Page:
Sunday, May 29, 2011

Book Review: 'Armed Camps' by Kit Reed


1 / 5 Stars

By the late 1960s America’s  Intellectual Class, a group of people who are nowadays called ‘The Liberal Elite’, faced a dilemma regarding the increasing rise of violent behavior in society.

Some members of the elite embraced violence as an evil necessary for the Liberation of the Oppressed, and reveled (at a careful distance) in it under the guise of ‘Radical Chic’. This so-chic attitude toward violent revolution reached its bizarre apex in the case of Jewish American Princess Bernardine (Ohrnstein) Dohrn, who, with her husband (Friend of Barack) Bill Ayers, started the Revolutionary Youth Movement and later, the Weather Underground.

Other members of the elite believed that, while the tumult of the era had its justifiable roots in social and political oppression, the mass media had exploited violence for its own sake, and directly aided and abetted the release of something dangerous from the American psyche.

These liberals believed that unless the depiction of violence in the media and entertainment venues was ‘subdued’ by federal intervention (no liberal dared explicitly mention ‘censored’) the rate of rapes, murders, muggings, and other anti-social behaviors would continue to increase.

Kit Reed (the pseudonym of Lillian Craig Reed) was a New Wave-era SF author, still publishing today, who focused (as many New Wave writers did) on social issues, as opposed to traditional ‘hard’ SF.

Her short novel ‘Armed Camps’ (1969) extrapolates a fictional, near-future USA that has been generated by the new forms of violence spawned  in the 60s. 

Originally published in 1969, this Berkley paperback (158 pp.) edition was issued in November 1971; the cover artist is Richard Powers.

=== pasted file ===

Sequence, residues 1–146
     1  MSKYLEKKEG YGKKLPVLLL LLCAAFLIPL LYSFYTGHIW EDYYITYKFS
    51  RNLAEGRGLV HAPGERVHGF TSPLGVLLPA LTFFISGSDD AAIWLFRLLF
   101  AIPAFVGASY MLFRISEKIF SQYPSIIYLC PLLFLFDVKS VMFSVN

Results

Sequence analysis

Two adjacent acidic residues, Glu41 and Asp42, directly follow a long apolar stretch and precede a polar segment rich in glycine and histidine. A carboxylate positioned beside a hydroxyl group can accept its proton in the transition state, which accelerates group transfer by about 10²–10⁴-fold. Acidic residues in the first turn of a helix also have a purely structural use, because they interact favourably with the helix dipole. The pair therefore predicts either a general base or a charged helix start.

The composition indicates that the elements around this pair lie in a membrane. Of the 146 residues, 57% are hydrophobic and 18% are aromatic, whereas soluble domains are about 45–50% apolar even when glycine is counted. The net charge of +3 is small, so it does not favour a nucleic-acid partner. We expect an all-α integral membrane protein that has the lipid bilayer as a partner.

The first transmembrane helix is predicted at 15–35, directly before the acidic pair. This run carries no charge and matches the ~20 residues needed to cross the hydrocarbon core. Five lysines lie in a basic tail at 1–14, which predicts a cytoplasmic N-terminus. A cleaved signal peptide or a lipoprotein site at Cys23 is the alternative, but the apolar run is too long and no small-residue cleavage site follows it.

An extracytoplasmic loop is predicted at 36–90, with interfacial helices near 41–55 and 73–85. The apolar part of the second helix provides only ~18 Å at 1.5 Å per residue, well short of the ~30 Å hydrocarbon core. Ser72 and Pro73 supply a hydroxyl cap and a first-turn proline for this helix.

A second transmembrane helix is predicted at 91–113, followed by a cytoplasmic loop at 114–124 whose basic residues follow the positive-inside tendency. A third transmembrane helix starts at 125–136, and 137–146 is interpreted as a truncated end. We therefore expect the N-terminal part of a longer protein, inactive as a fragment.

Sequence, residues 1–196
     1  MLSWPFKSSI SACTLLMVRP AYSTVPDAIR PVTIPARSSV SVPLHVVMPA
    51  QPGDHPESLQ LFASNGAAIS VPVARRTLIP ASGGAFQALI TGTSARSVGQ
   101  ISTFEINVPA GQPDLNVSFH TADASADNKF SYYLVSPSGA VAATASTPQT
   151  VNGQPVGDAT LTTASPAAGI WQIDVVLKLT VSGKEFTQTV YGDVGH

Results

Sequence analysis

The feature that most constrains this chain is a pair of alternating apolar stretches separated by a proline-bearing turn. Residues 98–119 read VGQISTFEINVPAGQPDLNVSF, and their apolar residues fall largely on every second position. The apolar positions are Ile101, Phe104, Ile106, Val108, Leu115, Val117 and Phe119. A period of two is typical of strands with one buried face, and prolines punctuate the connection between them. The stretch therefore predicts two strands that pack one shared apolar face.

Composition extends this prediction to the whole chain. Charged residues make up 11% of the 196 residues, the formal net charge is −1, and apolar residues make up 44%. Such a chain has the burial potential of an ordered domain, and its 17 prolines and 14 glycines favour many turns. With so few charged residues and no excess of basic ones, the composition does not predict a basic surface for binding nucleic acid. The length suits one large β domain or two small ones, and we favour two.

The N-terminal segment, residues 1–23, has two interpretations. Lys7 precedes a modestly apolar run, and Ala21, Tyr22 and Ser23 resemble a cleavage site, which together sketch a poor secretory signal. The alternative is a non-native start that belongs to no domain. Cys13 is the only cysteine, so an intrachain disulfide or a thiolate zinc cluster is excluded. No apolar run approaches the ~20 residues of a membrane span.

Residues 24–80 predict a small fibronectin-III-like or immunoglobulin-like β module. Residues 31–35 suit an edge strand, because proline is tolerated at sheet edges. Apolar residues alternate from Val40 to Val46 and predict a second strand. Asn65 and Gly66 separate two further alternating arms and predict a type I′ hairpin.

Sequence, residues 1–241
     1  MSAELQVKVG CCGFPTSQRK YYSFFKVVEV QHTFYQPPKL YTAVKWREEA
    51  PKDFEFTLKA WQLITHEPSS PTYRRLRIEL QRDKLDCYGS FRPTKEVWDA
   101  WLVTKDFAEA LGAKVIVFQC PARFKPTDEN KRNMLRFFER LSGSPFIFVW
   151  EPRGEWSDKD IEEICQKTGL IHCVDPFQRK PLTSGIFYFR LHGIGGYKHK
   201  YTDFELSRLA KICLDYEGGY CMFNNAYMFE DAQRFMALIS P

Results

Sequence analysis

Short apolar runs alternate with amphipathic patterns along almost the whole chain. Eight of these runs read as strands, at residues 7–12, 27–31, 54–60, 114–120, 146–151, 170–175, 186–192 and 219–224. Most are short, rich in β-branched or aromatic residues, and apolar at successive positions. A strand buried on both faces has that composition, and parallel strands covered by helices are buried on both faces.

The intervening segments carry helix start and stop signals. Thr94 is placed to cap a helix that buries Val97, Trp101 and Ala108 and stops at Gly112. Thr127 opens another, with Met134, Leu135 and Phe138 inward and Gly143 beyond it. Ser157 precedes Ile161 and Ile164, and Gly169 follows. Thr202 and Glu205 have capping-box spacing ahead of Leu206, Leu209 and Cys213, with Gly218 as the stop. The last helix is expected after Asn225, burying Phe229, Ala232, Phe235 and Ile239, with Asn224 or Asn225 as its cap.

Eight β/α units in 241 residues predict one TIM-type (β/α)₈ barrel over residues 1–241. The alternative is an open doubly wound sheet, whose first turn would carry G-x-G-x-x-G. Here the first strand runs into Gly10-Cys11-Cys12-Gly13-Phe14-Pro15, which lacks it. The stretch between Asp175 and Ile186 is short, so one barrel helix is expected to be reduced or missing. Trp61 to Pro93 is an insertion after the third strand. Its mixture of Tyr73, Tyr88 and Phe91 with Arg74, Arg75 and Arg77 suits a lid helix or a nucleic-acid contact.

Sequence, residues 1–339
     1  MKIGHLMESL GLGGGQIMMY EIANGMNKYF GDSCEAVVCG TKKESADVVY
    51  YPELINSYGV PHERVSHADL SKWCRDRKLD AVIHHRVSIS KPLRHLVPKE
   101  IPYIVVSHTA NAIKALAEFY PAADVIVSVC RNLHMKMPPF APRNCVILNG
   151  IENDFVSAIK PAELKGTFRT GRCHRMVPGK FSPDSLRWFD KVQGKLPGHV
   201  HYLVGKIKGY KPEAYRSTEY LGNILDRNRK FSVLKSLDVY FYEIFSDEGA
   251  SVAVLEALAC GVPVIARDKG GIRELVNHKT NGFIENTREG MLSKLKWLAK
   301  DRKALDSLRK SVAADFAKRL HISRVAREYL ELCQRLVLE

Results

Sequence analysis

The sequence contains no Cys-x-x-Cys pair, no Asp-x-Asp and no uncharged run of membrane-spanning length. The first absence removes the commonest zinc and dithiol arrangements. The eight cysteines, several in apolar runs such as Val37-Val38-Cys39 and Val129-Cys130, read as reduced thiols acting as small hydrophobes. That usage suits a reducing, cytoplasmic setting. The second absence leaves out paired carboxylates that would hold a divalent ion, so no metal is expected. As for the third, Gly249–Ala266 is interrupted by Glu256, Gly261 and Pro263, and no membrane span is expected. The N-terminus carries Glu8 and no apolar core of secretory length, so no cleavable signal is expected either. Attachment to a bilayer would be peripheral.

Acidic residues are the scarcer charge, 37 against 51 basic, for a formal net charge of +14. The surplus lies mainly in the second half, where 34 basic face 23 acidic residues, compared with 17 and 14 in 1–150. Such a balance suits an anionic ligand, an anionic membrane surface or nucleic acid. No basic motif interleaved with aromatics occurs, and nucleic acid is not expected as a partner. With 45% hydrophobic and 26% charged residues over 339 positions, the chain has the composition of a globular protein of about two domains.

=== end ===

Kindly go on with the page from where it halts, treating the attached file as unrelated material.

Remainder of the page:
‘Camps’, which is set in the 1990s (or later), posits an America in which the nation is little more than a police state racked by anarchy and decay. The war in Vietnam has expanded into a global contest, and orbiting missiles threaten an instant Armageddon should tempers get out of hand. While the ruling class is sheltered to some extent from political and social violence, many young people have adopted a fatalistic approach to life, focusing on losing themselves in hedonism.

The story alternates  between two first-person narrators: one  is Danny March, a soldier who participates in staged, arena-like  combats against troops from opposing nations; flamethrowers are wielded by all contestants. This approach to settling international disputes presumably prevents nuclear war from breaking out. For reasons that are not disclosed until the last few pages of the novel, Danny has violated his term of service in the Army, and he is condemned to live chained to a pole on the grounds of a military base, filmed by television cameras, a constant reminder of the punishment dealt those who provoke the reigning order.

The other narrator is a young woman named Anne; as the novel opens she is suffering from severe emotional trauma from some undisclosed event. Anne finds refuge in Cambria, a rural commune devoted to life paced by peace, love, and understanding; its leader is a charismatic young man named Eamon.

As an anti-war, anti-violence novel, ‘Camps’ has a predictably downbeat tenor, and while there is nothing inherently wrong with this, author Reed doesn’t do much with her literary construction. The storylines of these two characters unfold in the form of overly lengthy monologues, often consisting of run-on sentences unmarred by the use of periods, a common affectation of New Wave artistes.

The  Danny March portion of the book is the weakest; Reed’s approach to framing his  monologues are clearly derived from Dalton Trumbo’s novel ‘Johnny Got His Gun’ (the antiwar novel of the 60s, although it was actually written in 1938). The introduction of a schizophrenic note to March’s inner musings is contrived, serving mainly to pad the narrative rather than imparting much in the way of momentum.

The alternate plot involving Anne and the fate of Cambria is a bit more engrossing; it does offer a more rewarding denouement, as well as providing a more original treatment of the ways in which good intentions collide with the reality of human nature.

Overall, I found ‘Camps’ to be too much of a slog to be very rewarding. Readers with a fondness for an antiwar novel with a quasi-SF component may find ‘Camps’ worthwhile, but everyone else is better passing on this book.

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